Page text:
One day I remember asking, “When is Kid’s Day?”

My mom was quick to let me know that every day was Kid’s Day. I was constantly getting snacks and prizes and having everyone focused on me and what I was doing.

Every day IS Kid’s Day, right?

We focus on our children in all areas of life. We support them in their schooling. We attend their sports activities and ooh and aah over their accomplishments in other areas of life. We encourage their friendships and work to help them to choose wisely. How about their relationship with God?

Churches all over the place are spending more and more energy and resources on children’s programs. They understand that parents are looking to train their children well in the knowledge of the truth of God’s word. These things are good and signs of a healthy church. It is right for us to focus on not just our past or our present but especially on our future.

What people all over are finding, however, is that children – once they graduate high school – are leaving the faith at an alarming rate. These kids were taken to all the bible classes. They did all the activities, but yet they leave anyway.

There are a few things we can do to keep that from happening with our children.

First: Parents, you need to step up your game. Statistics are showing that your children won’t be as involved as you. Especially at the college level. While your children are young you need to be modeling a passion for the Word of God and His church. Otherwise your children will see through the classes you forced them to attend and notice that you didn’t emphasize it in your life and only attended to do your duty. This is not appealing to them. That may not be your motivation for attending, but they see what you do more than what you say. If you are a Sunday Morning Only attendee, then chances are your kids will be non-attendees. It’s time to get involved in a meaningful relationship with your church and the members therein in order to provide the community needed to grow spiritually healthy.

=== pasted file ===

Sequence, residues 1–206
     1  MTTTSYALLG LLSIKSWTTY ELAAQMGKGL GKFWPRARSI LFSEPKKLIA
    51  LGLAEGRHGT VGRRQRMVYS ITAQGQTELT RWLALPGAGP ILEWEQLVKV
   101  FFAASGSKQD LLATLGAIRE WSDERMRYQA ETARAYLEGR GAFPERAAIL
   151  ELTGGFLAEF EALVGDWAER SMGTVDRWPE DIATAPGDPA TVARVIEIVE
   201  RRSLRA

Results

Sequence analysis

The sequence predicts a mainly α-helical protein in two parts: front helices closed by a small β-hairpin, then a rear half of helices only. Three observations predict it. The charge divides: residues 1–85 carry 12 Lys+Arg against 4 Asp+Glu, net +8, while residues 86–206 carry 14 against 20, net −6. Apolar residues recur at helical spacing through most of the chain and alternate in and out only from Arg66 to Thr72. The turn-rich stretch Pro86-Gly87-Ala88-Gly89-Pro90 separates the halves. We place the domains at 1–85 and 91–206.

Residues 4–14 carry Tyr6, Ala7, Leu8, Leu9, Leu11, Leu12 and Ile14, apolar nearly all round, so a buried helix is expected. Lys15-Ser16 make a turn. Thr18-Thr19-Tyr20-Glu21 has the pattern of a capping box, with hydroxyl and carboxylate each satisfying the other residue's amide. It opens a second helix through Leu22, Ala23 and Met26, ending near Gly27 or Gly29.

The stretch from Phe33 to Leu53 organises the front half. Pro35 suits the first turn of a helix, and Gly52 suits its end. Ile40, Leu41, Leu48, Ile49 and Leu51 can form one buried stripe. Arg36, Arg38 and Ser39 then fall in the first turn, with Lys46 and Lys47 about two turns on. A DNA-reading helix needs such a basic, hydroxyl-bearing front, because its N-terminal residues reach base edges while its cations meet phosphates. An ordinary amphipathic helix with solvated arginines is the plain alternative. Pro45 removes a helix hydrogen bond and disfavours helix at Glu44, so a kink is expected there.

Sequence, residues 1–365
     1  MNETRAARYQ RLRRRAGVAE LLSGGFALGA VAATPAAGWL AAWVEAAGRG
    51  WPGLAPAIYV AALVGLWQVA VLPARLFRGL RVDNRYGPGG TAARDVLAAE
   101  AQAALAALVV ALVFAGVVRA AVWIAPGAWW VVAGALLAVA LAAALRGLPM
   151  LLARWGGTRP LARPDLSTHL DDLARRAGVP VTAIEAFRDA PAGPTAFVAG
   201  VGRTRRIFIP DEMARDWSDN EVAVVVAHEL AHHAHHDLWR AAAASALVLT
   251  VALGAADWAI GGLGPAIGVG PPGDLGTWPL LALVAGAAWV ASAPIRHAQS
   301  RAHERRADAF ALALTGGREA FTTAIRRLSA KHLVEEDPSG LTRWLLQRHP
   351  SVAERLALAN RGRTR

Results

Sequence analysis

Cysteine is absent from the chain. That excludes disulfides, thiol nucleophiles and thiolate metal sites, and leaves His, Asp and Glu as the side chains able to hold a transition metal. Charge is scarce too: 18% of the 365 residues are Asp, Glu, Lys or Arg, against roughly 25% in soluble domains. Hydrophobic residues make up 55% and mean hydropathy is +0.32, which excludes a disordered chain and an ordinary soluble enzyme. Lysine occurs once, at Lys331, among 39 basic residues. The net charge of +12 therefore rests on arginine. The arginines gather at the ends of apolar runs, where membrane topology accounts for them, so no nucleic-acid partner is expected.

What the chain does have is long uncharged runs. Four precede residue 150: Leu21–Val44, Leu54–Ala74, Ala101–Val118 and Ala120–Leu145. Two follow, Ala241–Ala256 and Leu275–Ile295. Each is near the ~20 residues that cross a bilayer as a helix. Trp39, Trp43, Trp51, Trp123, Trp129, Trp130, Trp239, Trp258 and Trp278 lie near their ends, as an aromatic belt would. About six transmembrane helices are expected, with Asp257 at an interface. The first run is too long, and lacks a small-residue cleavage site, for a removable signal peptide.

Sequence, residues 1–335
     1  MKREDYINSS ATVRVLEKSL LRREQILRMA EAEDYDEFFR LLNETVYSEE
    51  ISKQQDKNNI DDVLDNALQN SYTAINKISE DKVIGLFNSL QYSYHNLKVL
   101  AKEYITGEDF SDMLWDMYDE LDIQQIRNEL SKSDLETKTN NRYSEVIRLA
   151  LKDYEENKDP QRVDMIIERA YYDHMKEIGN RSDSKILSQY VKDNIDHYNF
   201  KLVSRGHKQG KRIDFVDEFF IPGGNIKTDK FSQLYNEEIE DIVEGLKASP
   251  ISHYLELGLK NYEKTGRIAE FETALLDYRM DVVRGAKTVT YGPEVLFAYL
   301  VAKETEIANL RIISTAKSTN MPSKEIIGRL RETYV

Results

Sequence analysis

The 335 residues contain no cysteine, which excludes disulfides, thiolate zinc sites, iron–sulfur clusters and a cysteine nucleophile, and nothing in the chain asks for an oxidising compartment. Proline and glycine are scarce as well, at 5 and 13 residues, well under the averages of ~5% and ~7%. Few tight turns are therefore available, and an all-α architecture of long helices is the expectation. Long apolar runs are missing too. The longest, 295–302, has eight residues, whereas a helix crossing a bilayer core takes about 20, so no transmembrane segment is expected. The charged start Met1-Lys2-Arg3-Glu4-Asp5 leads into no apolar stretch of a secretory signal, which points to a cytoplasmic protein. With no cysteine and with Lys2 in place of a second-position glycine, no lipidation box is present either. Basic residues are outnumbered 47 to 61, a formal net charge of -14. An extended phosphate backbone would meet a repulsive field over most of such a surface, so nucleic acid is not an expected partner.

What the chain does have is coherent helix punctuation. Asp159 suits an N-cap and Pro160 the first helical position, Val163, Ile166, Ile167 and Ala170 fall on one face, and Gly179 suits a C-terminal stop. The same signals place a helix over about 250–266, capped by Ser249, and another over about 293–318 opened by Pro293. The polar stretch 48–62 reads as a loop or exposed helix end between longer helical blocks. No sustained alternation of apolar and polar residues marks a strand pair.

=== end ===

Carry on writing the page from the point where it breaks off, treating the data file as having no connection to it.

Second: Parents, you need to be teaching your children. Church attendance won’t teach your children. Bible classes, while they help, are often thin on the meatier parts that your kids are hungry for. They need to know that you study the scripture. They need to learn from you. They need to see that their understanding of the scripture is important to you. And they need to see the scripture without all the sunshine and rainbows that we sometimes put in it. The scriptures portray reality and how to live in that reality. Don’t sterilize it to protect your kids. Teach them the honest truth.

Third: As a family spend meaningful time with other Christians in your congregation. One of the reasons that teens leave when they get to the college age is that they have no connections with anyone other than the kids their age. This makes the transition awkward at best and helps to influence them to leave. Invite your older children to spend time with you and your adult church friends. Participate in classes where many ages are present so they can see how to interact among the generations.

Lastly: Don’t wait until they are in Jr. High or High School to expect them to participate and pay attention during worship services. If they can talk, then they can learn to sing. This is a process, and the timing is different for everyone, but I often see older elementary age children playing video games and coloring during worship services. They are old enough to listen, but you are showing them that it is not important for them to do so. Train them. They are ready.

Parents, we have a great responsibility to our children. You may be doing these things already. If so, great! If you aren’t, don’t beat yourself up about it. Just make a decision to change today. As we change so will our kids. Let’s stop the exodus. Let’s begin a spiritual renewal in our children.